From: Julien Grall <firstname.lastname@example.org>
To: Volodymyr Babchuk <Volodymyr_Babchuk@epam.com>
Cc: Stefano Stabellini <email@example.com>,
Julien Grall <firstname.lastname@example.org>,
Dario Faggioli <email@example.com>,
Subject: Re: IRQ latency measurements in hypervisor
Date: Fri, 15 Jan 2021 17:13:57 +0000 [thread overview]
Message-ID: <firstname.lastname@example.org> (raw)
On 15/01/2021 15:45, Volodymyr Babchuk wrote:
> Hi Julien,
> Julien Grall writes:
>> Hi Volodymyr, Stefano,
>> On 14/01/2021 23:33, Stefano Stabellini wrote:
>>> + Bertrand, Andrew (see comment on alloc_heap_pages())
>> Long running hypercalls are usually considered security issues.
>> In this case, only the control domain can issue large memory
>> allocation (2GB at a time). Guest, would only be able to allocate 2MB
>> at the time, so from the numbers below, it would only take 1ms max.
>> So I think we are fine here. Next time, you find a large loop, please
>> provide an explanation why they are not security issues (e.g. cannot
>> be used by guests) or send an email to the Security Team in doubt.
> Sure. In this case I took into account that only control domain can
> issue this call, I just didn't stated this explicitly. Next time will
I am afraid that's not correct. The guest can request to populate a
region. This is used for instance in the ballooning case.
The main difference is a non-privileged guest will not be able to do
allocation larger than 2MB.
>>> This is very interestingi too. Did you get any spikes with the
>>> set to 100us? It would be fantastic if there were none.
>>>> 3. Huge latency spike during domain creation. I conducted some
>>>> additional tests, including use of PV drivers, but this didn't
>>>> affected the latency in my "real time" domain. But attempt to
>>>> create another domain with relatively large memory size of 2GB led
>>>> to huge spike in latency. Debugging led to this call path:
>>>> XENMEM_populate_physmap -> populate_physmap() ->
>>>> alloc_domheap_pages() -> alloc_heap_pages()-> huge
>>>> "for ( i = 0; i < (1 << order); i++ )" loop.
>> There are two for loops in alloc_heap_pages() using this syntax. Which
>> one are your referring to?
> I did some tracing with Lautrebach. It pointed to the first loop and
> especially to flush_page_to_ram() call if I remember correctly.
Thanks, I am not entirely surprised because we are clean and
invalidating the region line by line and across all the CPUs.
If we are assuming 128 bytes cacheline, we will need to issue 32 cache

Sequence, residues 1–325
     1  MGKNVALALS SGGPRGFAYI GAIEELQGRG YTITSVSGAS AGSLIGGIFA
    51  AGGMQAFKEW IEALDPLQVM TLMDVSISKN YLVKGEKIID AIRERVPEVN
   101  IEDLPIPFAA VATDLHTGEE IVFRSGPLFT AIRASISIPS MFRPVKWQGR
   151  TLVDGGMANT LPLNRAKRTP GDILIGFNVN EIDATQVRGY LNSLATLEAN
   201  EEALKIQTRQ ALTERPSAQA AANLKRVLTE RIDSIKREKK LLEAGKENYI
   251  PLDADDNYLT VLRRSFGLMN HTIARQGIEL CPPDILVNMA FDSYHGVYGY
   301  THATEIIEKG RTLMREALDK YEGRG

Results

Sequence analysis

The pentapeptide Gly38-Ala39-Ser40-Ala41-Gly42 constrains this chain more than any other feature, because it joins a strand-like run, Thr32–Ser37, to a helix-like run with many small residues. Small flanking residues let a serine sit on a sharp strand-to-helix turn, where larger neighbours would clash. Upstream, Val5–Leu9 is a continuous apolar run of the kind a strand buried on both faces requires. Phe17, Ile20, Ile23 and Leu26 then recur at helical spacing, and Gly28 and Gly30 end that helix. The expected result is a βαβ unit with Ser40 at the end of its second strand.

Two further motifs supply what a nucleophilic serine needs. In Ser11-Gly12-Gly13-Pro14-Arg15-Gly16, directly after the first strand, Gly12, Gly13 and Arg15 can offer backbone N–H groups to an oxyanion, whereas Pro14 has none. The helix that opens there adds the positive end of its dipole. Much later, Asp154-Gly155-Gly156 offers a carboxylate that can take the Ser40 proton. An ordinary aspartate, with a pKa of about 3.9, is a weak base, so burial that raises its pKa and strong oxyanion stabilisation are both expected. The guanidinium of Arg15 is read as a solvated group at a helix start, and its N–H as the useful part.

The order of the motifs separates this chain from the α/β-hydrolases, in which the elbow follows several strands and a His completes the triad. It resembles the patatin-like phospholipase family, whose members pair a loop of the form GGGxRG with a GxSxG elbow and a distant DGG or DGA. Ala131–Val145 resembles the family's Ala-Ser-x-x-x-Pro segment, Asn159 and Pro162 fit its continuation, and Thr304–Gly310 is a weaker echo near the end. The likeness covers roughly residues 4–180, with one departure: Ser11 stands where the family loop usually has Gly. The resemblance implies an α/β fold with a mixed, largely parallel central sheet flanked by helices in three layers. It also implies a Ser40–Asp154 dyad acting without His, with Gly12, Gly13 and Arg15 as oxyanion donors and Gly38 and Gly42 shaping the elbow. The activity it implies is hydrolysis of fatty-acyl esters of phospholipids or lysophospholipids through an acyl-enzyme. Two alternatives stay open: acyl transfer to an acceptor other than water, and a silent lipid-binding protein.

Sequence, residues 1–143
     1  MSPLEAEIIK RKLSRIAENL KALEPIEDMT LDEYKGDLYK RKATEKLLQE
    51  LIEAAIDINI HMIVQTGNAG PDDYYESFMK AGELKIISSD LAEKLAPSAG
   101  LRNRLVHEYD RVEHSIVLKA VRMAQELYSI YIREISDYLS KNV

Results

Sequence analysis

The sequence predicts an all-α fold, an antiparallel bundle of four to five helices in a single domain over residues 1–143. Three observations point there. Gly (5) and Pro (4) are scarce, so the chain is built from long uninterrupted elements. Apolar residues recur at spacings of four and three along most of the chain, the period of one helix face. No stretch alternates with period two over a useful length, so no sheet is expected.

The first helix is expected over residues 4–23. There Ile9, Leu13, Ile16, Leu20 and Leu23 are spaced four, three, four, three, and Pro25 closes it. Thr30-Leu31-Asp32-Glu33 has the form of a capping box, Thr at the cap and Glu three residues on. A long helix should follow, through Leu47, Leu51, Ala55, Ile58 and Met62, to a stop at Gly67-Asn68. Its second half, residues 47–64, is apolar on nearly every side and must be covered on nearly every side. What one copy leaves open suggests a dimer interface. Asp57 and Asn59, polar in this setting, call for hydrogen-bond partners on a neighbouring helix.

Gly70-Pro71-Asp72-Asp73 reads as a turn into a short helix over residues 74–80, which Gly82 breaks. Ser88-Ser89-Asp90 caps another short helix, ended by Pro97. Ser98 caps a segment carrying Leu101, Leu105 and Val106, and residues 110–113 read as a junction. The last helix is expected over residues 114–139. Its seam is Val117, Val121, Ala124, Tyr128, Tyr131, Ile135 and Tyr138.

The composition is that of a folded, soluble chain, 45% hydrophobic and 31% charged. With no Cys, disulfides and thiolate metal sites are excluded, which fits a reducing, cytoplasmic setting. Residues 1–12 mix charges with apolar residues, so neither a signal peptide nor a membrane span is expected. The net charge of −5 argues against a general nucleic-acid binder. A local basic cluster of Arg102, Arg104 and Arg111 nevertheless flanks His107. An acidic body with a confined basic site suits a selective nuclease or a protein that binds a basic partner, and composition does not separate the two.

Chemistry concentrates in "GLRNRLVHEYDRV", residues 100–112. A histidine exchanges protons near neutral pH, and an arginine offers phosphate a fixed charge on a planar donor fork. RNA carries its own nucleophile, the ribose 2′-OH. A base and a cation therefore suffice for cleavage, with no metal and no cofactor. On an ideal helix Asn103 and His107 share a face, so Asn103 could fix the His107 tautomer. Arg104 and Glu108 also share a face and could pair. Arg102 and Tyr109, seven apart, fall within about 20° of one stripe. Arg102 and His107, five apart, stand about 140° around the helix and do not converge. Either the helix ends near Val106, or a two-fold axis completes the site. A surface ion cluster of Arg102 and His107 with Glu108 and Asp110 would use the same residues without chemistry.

instructions per page. This going to involve quite a bit of traffic on
One possibility would be to defer the cache flush when the domain is
created and use the hypercall XEN_DOMCTL_cacheflush to issue the flush.
Note that XEN_DOMCTL_cacheflush would need some modification to be
preemptible. But at least, it will work on a GFN which is easier to track.
>>>> I managed to overcome the issue #3 by commenting out all calls to
>>>> populate_one_size() except the populate_one_size(PFN_4K_SHIFT) in
>>>> xg_dom_arm.c. This lengthened domain construction, but my "RT" domain
>>>> didn't experienced so big latency issues. Apparently all other
>>>> hypercalls which are used during domain creation are either fast or
>>>> preemptible. No doubts that my hack lead to page tables inflation and
>>>> overall performance drop.
>>> I think we need to follow this up and fix this. Maybe just by adding
>>> a hypercall continuation to the loop.
>> When I read "hypercall continuation", I read we will return to the
>> guest context so it can process interrupts and potentially switch to
>> another task.
>> This means that the guest could issue a second populate_physmap() from
>> the vCPU. Therefore any restart information should be part of the
>> hypercall parameters. So far, I don't see how this would be possible.
>> Even if we overcome that part, this can be easily abuse by a guest as
>> the memory is not yet accounted to the domain. Imagine a guest that
>> never request the continuation of the populate_physmap(). So we would
>> need to block the vCPU until the allocation is finished.
> Moreover, most of the alloc_heap_pages() sits under spinlock, so first
> step would be to split this function into smaller atomic parts.
Do you have any suggestion how to split it?
>> I think the first step is we need to figure out which part of the
>> allocation is slow (see my question above). From there, we can figure
>> out if there is a way to reduce the impact.
> I'll do more tracing and will return with more accurate numbers.
> But as far as I can see, any loop on 262144 pages will take some time..
It really depends on the content of the loop. On any modern processors,
you are very likely not going to notice a loop that update just a flag.
However, you are likely going to be see an impact if your loop is going
to clean & invalidate the cache for each page.
next prev parent reply other threads:[~2021-01-15 17:14 UTC|newest]
Thread overview: 21+ messages / expand[flat|nested] mbox.gz Atom feed top
2021-01-12 23:48 IRQ latency measurements in hypervisor Volodymyr Babchuk
2021-01-14 23:33 ` Stefano Stabellini
2021-01-15 11:42 ` Julien Grall
2021-01-15 15:45 ` Volodymyr Babchuk
2021-01-15 17:13 ` Julien Grall [this message]
2021-01-15 23:41 ` Stefano Stabellini
2021-01-16 12:59 ` Andrew Cooper
2021-01-20 23:09 ` Volodymyr Babchuk
2021-01-20 23:03 ` Volodymyr Babchuk
2021-01-21 0:52 ` Stefano Stabellini
2021-01-21 21:01 ` Julien Grall
2021-01-15 15:27 ` Volodymyr Babchuk
2021-01-15 23:17 ` Stefano Stabellini
2021-01-16 12:47 ` Julien Grall
2021-01-21 0:49 ` Volodymyr Babchuk
2021-01-21 0:59 ` Stefano Stabellini
2021-01-18 16:40 ` Dario Faggioli
2021-01-21 1:20 ` Volodymyr Babchuk
2021-01-21 8:39 ` Dario Faggioli
2021-01-16 14:40 ` Andrew Cooper
2021-01-21 2:39 ` Volodymyr Babchuk
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